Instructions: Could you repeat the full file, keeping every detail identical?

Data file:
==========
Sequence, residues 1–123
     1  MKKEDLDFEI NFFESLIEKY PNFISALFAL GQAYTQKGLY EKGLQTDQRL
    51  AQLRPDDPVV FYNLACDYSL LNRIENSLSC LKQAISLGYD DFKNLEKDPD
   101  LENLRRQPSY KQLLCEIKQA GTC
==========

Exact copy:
Sequence, residues 1–123
     1  MKKEDLDFEI NFFESLIEKY PNFISALFAL GQAYTQKGLY EKGLQTDQRL
    51  AQLRPDDPVV FYNLACDYSL LNRIENSLSC LKQAISLGYD DFKNLEKDPD
   101  LENLRRQPSY KQLLCEIKQA GTC